The language is insensitive--even incendiary: crazy, sicko, repeatedly pressing for more mental institutions like “the old days.”
The comments--and their innuendos--divide--and, in the process, further stigmatize mental health.
But, sadly, this isn’t the commentary of your crazy uncle at those dreaded family reunions; instead, these are the comments of Donald J. Trump. That would be President Trump.
For the Donald, mental health is a plague--something that needs to be confined. Even quarantined. He routinely conflates mental illness and violence--perpetuating the false narrative that violence and mental illness are intertwined.
When he isn’t peddling this false narrative, he is advocating for the return of mental health institutions. “You know, in the old days we had mental institutions. We had a lot of them. And you could nab someone like this, because they...knew something was off. You had to know that. People were calling all over the place,” the Donald informed/lectured.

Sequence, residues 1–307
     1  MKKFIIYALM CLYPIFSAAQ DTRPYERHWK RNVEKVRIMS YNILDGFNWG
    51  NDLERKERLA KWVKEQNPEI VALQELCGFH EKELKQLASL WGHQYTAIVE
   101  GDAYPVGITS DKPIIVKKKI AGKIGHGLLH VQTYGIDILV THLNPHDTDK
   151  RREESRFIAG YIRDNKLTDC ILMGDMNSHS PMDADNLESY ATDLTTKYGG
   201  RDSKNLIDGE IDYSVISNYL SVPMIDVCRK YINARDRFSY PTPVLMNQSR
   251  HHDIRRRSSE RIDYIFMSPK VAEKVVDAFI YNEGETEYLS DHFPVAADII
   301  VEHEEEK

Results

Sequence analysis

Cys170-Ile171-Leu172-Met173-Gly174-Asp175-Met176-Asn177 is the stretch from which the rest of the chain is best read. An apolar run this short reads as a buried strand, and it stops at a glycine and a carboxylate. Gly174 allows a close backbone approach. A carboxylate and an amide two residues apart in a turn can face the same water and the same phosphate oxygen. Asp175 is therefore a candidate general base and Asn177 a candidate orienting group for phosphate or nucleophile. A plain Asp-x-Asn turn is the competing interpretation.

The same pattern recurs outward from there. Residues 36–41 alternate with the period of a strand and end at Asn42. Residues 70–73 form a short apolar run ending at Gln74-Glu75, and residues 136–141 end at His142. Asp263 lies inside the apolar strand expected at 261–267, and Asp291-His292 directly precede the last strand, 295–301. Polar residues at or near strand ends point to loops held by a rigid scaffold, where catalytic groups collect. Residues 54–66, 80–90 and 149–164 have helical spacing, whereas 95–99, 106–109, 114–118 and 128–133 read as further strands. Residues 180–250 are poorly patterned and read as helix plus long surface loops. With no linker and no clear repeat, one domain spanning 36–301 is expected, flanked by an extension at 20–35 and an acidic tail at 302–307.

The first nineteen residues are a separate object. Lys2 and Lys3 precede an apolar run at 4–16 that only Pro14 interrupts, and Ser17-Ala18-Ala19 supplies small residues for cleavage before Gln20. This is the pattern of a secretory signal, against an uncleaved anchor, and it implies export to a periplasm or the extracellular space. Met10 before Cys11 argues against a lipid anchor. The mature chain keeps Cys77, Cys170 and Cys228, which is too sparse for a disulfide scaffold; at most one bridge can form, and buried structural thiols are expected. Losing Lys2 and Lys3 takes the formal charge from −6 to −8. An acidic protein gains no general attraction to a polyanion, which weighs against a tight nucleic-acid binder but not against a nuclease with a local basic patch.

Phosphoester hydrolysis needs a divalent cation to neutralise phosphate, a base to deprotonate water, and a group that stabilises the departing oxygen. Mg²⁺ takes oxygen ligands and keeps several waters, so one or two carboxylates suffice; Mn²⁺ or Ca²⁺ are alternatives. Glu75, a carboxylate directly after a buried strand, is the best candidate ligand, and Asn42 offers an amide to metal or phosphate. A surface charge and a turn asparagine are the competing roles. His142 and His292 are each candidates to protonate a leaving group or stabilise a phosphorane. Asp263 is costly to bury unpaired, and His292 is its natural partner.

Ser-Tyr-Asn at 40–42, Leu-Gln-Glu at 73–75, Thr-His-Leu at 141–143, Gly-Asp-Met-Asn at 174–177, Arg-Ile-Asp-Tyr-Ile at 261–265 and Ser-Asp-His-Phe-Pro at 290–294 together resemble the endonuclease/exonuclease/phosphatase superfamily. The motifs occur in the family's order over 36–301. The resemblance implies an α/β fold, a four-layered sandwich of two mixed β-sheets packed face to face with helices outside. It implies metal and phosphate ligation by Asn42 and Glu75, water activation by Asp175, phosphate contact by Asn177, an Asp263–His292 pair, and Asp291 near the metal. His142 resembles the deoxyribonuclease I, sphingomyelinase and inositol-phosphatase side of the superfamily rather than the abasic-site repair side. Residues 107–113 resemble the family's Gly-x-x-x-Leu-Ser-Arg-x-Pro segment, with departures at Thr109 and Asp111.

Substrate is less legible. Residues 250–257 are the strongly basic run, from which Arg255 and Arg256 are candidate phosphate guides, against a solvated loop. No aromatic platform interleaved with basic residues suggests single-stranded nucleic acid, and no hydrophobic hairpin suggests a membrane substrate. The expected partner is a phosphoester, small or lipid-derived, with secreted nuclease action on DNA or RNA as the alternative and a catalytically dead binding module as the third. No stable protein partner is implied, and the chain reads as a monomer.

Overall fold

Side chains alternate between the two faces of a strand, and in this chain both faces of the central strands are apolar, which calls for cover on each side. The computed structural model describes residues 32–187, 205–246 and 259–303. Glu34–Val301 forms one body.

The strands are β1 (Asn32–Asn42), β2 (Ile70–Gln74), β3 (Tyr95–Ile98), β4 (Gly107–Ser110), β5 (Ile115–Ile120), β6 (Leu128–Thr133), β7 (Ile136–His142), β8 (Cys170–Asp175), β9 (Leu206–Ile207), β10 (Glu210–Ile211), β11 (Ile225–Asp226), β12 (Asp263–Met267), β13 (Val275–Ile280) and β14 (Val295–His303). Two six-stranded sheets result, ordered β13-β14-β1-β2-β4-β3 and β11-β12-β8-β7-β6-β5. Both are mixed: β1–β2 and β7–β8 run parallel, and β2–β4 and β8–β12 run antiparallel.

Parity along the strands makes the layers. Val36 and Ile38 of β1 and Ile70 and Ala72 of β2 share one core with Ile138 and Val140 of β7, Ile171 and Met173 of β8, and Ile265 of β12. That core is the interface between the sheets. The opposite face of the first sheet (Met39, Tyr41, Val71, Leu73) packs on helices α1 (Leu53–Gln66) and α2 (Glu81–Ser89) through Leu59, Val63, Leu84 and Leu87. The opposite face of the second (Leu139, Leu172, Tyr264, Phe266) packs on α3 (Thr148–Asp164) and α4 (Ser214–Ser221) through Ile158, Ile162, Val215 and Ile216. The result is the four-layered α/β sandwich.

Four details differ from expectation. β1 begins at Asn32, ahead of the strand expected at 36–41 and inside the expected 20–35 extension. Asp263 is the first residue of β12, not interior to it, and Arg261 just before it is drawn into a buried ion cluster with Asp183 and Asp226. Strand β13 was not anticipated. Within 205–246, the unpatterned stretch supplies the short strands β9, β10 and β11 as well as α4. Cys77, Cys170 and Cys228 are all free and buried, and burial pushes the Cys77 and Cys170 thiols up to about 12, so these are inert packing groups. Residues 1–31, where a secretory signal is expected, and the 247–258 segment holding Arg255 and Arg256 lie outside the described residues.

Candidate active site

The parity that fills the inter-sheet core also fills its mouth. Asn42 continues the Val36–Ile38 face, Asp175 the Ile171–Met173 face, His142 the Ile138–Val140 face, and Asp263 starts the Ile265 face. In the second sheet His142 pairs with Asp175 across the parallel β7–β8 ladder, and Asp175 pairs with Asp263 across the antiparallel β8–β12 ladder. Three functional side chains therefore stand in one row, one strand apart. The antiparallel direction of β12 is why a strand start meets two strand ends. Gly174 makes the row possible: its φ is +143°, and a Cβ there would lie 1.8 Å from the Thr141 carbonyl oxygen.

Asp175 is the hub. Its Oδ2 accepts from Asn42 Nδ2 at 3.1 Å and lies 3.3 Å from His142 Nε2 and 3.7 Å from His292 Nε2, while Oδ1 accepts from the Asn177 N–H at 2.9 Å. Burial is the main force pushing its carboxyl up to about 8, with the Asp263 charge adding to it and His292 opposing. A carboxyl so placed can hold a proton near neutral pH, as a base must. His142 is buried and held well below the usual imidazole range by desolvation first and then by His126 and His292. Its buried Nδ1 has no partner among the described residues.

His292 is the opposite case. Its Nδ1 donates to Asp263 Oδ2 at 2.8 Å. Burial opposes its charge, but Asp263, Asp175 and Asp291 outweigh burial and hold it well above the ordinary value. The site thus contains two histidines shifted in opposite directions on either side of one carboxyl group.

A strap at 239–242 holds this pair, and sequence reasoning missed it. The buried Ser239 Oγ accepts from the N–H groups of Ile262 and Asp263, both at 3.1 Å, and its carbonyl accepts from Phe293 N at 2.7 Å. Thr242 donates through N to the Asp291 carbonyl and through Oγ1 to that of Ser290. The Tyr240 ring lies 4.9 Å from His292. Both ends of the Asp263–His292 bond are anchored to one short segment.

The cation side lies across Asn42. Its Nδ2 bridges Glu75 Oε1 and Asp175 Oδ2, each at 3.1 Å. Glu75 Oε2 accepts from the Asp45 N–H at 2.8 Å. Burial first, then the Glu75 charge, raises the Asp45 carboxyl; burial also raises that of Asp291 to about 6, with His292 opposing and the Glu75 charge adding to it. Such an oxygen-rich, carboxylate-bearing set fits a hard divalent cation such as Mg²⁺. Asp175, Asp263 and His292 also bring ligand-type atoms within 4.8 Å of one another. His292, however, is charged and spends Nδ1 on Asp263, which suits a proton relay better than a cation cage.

Donald--a little history lesson. Mental health institutions were closed in the 1960s because of safety concerns and deplorable conditions. They were routinely likened to prisons; this New York Times article hints at their despair and cruelty (“the smell of caged humans”).
More than just lamenting mental health institutions, I find Donald’s disparagement of the mentally ill deeply disturbing. The President has the world’s most powerful bully pulpit--the ability to seize the day’s narrative with an opinion, quote, or tweet (however ill-advised). But instead of providing factual information about mental health, the President has used his bully pulpit to reinforce demeaning, damaging stereotypes. In the immediate aftermath of the Parkland, Florida shooting, the President referred to the alleged shooter as a “savage sicko.” At Trump’s urging, his then attorney general, Jeff Sessions, vowed to examine the “intersection of mental health and criminality.”